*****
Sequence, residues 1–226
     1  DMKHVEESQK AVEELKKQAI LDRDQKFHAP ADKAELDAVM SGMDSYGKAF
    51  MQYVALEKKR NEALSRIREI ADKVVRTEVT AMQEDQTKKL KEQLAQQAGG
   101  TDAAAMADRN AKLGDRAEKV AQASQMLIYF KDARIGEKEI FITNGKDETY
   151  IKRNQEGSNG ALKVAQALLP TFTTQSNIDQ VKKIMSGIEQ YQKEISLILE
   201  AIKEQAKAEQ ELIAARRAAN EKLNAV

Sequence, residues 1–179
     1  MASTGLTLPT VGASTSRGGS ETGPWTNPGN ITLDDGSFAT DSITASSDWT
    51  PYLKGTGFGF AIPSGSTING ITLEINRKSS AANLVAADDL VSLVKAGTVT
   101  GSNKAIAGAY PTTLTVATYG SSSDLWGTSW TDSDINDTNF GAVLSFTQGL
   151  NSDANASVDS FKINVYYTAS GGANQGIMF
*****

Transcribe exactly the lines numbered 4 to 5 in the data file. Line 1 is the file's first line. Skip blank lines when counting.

   101  TDAAAMADRN AKLGDRAEKV AQASQMLIYF KDARIGEKEI FITNGKDETY
   151  IKRNQEGSNG ALKVAQALLP TFTTQSNIDQ VKKIMSGIEQ YQKEISLILE